Big Brother watching: Data Collection and what you can do about it
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The Constitution authorized a census to provide representation in Congress (House of Representatives) proportional to the population: Section 2 of the U.S. Constitution provided for a decennial census to count American citizens for the purpose of equal representation.
Today the reach of the census goes way beyond enumeration for representation, and the 4th amendment (which guarantees that “the right of the people to be secure in their persons, houses, papers, and effects, against unreasonable searches shall not be violated) is being eroded by other Congressionally-approved purposes for the census, such as data collection through the American Community Survey and the American Housing Survey.
The American Community Survey (ACS) - http://www.census.gov/acs/
The ACS website states they contact households at randomly selected addresses. Those selected MUST COMPLY under Federal law: “Title 13, U.S. Code, Sections 141 & 193, as changed by Title 18” imposes a penalty for not responding to the ACS." The ACS inventories possessions such as home, automobiles, computers, even the specific internet service provider. Information on health, education, and personal finances is also demanded. The ACS states that it verifies information provided with information available to other agencies.
The American Housing Survey (AHS) -https://www.census.gov/programs-surveys/ahs.html
After mandatory compliance with the ACS, the census bureau re-contacts a sampling of individuals for an "interview" (unscheduled home inspection) called the American Housing Survey (AHS) to gather data for HUD (department of Housing and Urban Development). Although participation in the AHS is voluntary, the census workers can be aggressive, intimidating, and relentless to the point of harassment. Households may be subject to dozens of phone calls and unwanted in-person visits by representatives attempting to enter the residence for an in-person interview. The AHS census workers trespass on private property, take photos, and write notes. This infringes on the 4th Amendment “right of the people to be secure in their persons, houses, papers, and effects, against unreasonable searches."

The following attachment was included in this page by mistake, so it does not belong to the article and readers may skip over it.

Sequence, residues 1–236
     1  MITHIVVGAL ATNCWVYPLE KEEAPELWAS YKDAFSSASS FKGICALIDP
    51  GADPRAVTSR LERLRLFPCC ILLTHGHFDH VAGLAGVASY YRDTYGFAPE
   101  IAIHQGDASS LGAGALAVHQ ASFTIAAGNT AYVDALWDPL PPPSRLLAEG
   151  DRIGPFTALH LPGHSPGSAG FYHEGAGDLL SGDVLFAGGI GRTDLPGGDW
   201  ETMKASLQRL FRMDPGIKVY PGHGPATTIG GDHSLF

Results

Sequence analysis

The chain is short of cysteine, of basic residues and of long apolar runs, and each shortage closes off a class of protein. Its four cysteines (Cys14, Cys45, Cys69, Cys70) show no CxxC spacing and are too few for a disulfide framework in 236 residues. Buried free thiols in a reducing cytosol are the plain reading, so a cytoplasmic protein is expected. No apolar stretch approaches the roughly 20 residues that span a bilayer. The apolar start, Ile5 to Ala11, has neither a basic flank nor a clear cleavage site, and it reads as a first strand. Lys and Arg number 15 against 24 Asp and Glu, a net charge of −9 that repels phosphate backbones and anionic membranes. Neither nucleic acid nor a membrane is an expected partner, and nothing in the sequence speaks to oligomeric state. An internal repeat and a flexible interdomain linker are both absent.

Data Elements collected
I could list the data elements here, but these may also be found at the Survey websites.
The data elements could be discussion for future posts.
Today I want to move swiftly to what We The People can do to help curb data collection.
What each person can do to help curb Government data collection
1) Read the Federal Register.
HR181 of the 116th Congress would remove the penalty, thereby making participation in the ACS optional, no longer mandatory: Read about HR181 - dubbed the AMERICA Act - at this link -
"Introduced in House (01/03/2019)
Authorizing Moderated Enumeration Responses Including Citizenship Acquisition Act or the AMERICA Act
This bill restricts application of the penalty on individuals who refuse or neglect to answer a decennial census question.
The penalty shall apply only to individuals who do not answer a question included on the short form regarding household size or citizenship status."
2) Contact your Representative in the House to raise awareness, and urge support for HR181 of the 116th Congress - The AMERICA Act.
Find your Representative: https://www.house.gov/represen....tative...representat
Please support HR181 of the 116th Congress - the AMERICA Act - which removes penalties for not answering the American Community Survey (ACS),
thereby making the ACS optional, not mandatory. Thank you for your time.
3) Share this information with other people.
Is this a non-partisan issue..? Or a bi-partisan issue?
Data collection can certainly affect everyone.
There have been past efforts to limit the data collection, including HR1078 of the 113th Congress (https://www.govtrack.us/congre....ss/bills/113/hr1078) but unfortunately that died in committee.